In your case you have been arrested at the store at the time of committing the offence. The arresting officer followed the van to custody and then brought you before the custody sgt. That officer has now left custody and has gone to take relevant statements from store staff and to obtain a copy of the CCTV.
The officer also has already considered your criminal history and decided a house search (s18 of PACE) is not necessary on this occasion. The officer also needs to know if there are any other matters you are wanted for. This can be matters that any force in the country have circulated you on the police national computer for. It will also entail local checks to see if you are a suspect in any other offences in this force. The officer will speak with colleagues who may have you down as a suspect for another matter but not managed to speak to you yet or circulate you formally. In such cases, if the evidence is ready and to sufficient standard, both matters can be put to you in interview.
In your case there are no other matters. You just have to wait for the officer to return. You have had your chance to speak your solicitor on the phone and have also spoke to your mum. We also have a power to take your fingerprints, photograph, DNA samples and footwear impressions. We need your consent for these but should you refuse we can take them by force.
Fingerprints are now electronic and don’t involve messy black ink and rollers. Livescan is a computerised system and fires the prints down a secure line where they are checked for matches. As you are known it will return a positive hit. On occasion we get someone who claims to be John Smith when he arrives and is booked in but after Livescan is found to actually be Michael Jones! In most cases Michael Jones is wanted and its a feeble attempt to evade capture.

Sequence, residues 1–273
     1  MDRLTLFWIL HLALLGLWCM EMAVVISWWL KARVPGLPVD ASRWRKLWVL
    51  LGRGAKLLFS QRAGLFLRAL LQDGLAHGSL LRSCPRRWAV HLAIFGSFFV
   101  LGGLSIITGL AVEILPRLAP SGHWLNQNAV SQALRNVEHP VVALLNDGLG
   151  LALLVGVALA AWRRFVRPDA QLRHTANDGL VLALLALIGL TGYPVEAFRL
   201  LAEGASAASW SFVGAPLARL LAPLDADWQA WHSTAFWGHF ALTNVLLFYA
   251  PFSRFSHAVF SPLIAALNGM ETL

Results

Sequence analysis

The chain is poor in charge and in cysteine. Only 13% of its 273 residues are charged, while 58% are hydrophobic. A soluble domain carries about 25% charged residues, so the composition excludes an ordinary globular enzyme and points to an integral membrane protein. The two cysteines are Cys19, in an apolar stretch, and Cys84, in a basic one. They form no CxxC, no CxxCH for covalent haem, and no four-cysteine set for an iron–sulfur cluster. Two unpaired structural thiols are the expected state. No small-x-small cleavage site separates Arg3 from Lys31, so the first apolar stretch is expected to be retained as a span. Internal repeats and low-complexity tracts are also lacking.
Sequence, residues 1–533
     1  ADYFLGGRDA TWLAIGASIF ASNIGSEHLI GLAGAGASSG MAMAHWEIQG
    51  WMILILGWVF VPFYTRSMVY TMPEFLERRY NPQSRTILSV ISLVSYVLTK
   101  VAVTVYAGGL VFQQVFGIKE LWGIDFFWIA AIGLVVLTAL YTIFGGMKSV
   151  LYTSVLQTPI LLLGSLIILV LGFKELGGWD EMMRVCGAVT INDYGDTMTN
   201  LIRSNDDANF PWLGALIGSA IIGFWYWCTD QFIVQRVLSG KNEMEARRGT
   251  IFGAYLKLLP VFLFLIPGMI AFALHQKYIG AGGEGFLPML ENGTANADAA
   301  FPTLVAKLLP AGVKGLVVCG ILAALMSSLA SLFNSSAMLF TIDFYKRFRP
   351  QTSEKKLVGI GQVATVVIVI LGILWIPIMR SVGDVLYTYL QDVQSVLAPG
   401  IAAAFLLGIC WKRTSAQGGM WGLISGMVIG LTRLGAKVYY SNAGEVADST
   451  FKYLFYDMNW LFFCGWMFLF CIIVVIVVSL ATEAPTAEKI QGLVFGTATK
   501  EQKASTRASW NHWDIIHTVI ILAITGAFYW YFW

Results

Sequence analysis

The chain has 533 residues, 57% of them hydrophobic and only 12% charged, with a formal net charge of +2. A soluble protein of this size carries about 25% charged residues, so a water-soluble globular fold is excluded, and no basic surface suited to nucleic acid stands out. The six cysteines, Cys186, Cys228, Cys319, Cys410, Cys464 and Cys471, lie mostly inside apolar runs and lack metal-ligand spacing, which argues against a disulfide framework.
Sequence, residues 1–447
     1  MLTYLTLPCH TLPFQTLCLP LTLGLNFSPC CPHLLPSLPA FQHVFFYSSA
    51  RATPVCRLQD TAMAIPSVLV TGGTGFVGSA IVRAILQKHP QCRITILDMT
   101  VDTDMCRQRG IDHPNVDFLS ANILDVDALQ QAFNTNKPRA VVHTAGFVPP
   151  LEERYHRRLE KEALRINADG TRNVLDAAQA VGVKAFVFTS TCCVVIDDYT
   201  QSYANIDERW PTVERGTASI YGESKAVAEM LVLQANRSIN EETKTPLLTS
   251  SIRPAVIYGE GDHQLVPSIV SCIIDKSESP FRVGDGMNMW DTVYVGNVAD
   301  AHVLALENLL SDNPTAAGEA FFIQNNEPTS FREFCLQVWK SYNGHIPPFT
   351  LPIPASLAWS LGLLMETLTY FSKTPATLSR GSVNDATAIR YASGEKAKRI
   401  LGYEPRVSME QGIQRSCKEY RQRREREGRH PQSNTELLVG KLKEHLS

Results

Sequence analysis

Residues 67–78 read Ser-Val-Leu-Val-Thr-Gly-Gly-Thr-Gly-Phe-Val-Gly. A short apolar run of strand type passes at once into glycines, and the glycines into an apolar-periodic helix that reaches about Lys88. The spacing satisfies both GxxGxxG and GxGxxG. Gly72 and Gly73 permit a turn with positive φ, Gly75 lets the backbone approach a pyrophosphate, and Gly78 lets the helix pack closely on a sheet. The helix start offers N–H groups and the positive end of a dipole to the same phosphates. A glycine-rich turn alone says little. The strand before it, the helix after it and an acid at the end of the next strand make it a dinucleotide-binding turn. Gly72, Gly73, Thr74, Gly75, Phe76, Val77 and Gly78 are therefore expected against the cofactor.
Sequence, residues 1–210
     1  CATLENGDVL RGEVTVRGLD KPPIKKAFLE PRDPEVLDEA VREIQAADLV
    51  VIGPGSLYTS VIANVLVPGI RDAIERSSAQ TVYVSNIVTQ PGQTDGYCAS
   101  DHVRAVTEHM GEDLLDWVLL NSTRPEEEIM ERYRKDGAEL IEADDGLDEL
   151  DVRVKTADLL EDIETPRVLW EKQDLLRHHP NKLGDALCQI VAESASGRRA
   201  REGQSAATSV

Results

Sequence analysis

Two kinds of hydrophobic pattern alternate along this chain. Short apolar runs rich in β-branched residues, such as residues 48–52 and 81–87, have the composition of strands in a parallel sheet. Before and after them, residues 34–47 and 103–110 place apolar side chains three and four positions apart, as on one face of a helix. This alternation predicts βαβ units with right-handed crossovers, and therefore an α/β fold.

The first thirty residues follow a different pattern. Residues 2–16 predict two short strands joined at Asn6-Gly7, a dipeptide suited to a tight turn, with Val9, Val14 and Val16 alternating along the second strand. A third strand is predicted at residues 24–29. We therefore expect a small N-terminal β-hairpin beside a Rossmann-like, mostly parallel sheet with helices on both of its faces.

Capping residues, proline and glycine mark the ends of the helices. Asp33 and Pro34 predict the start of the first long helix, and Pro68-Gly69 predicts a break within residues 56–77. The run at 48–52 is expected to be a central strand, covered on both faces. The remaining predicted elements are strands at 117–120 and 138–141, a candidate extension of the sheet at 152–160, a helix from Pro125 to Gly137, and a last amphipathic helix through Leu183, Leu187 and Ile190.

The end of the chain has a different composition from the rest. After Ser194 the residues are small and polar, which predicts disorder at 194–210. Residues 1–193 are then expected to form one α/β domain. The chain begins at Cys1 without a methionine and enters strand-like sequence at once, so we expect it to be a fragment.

A photograph is just that.
DNA is a mouth swab or hair sample. The latter is difficult and as we also need the root, rather painful. I’ve never known anyone take this option. The mouth swab is a firm cotton pad rubbed gently on the inside of your cheek. Fingerprints and photo are taken every single time someone comes into custody. This is so that we can prove you are who you say you are. DNA is always taken until we have a sample taken of sufficient quality to hold on the database.. we then no longer take it. (Retention of such samples is still undergoing parliamentary review).
Footwear impressions are generally only taken for key offences such as burglary. It is a print of the soles of your shoe/trainers. They are almost like fingerprints and you may have left footprints at the crime scene.
You will at some point have prints, photo, DNA and footwear marks done. Sometimes immediately and at other times there may be a delay depending on time of day and how busy the suite is.
Some forces may also conduct mandatory drug testing for certain trigger offences. This is not an area for this blog.
Now you wait….